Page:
civil asset forfeiture

warning: Creating default object from empty value in /home/hemporg/public_html/news/modules/taxonomy/taxonomy.pages.inc on line 34.

Arizona: ACLU Challenges Asset Forfeiture Laws

IWantYourMoneyJewelryCarBoatAndHouseUncleSam

Under Unconstitutional System, Sheriff and County Attorney Take People’s Property and Use Profits for Salaries, Overtime, Retirement Funds, More

The American Civil Liberties Union, the ACLU of Arizona, and the law firm Perkins Coie on Wednesday filed suit against the sheriff and county attorney of Pinal County, Arizona, for their enforcement of the state's civil asset forfeiture laws.

Law enforcement used this scheme against Rhonda Cox, a county resident, to seize and keep her truck, violating her constitutional rights. After Cox, an innocent owner, filed a claim to get her truck back, the county attorney’s office informed her that if she pursued her claim and lost, not only would she lose her truck, but the state’s forfeiture laws would require her to pay the county’s attorneys’ fees and investigation costs, an amount that would exceed the value of her truck.

Since she couldn’t risk so much financial loss, Cox was forced to abandon her efforts to retrieve her truck.

“Arizona’s civil asset forfeiture laws gave Pinal County license to steal from Rhonda Cox,” said Emma Andersson, staff attorney at the ACLU’s Criminal Law Reform Project. “That would be bad enough, but those laws also made it impossible for her to have a fair shot at challenging that theft in court.

"The county robbed Rhonda twice: first they took her truck, then they took her day in court,” Andersson said.

California: Bill To Rein In Forfeiture Abuses Sails Through Senate On 38-1 Vote

CivilAssetForfeiture-BadCop

Overwhelming Bipartisan Support for Civil Asset Forfeiture Reform Nationwide Gains Momentum with Sacramento Vote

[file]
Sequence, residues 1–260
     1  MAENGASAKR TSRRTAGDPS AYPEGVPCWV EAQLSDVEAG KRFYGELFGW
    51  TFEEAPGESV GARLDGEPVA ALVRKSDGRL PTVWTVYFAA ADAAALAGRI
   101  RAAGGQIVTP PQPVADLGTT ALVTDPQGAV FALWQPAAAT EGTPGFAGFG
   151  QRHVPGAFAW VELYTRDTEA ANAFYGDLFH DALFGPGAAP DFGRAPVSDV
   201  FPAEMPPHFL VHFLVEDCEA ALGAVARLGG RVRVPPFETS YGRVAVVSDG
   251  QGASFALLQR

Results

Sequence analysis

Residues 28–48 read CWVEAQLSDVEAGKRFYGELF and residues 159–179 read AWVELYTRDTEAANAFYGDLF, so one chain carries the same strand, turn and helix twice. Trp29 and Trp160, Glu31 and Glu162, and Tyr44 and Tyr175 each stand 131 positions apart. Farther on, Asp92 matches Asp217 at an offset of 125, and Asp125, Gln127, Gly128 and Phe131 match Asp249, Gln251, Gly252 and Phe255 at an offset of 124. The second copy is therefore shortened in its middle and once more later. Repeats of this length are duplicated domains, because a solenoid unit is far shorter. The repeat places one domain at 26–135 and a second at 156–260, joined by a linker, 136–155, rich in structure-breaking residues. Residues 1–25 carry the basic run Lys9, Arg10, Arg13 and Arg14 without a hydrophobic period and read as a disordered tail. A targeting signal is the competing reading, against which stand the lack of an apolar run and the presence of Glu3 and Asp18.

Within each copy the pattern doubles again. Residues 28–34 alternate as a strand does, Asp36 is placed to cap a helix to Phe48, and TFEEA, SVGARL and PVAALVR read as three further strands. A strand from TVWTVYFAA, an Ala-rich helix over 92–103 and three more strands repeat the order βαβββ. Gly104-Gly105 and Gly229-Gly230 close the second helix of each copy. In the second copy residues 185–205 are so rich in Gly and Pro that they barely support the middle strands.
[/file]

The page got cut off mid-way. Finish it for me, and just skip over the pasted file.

Civil asset forfeiture reform legislation, authored by Senator Holly Mitchell (D-Los Angeles), on Wednesday won nearly unanimous approval in the California State Senate with a 38-1 vote.

Co-sponsored by the Drug Policy Alliance, ACLU and the Institute for Justice, SB 443 will require law enforcement agencies in the State of California to adhere to state laws regarding civil asset forfeiture, rather than transferring cases to federal prosecutors and courts where property rights and evidentiary standards are much lower.

SB 443 also calls for appointing counsel for indigent property owners and allows the recovery of attorney’s fees for successful challenges. Additionally, the bill will protect guiltless spouses and family members from loss of property, and result in increased investment in the General Fund, in courts, and in public defense for the indigent, as well as funding for law enforcement and prosecutors.

“Asset forfeiture inflicts the harsh punishments associated with criminal proceedings without the constitutional protections guaranteed by a trial," said Lynne Lyman, California state director of the Drug Policy Alliance (DPA). "In practice, this means encouraging law enforcement to engage in questionable and unethical practices under the banner of the war on drugs.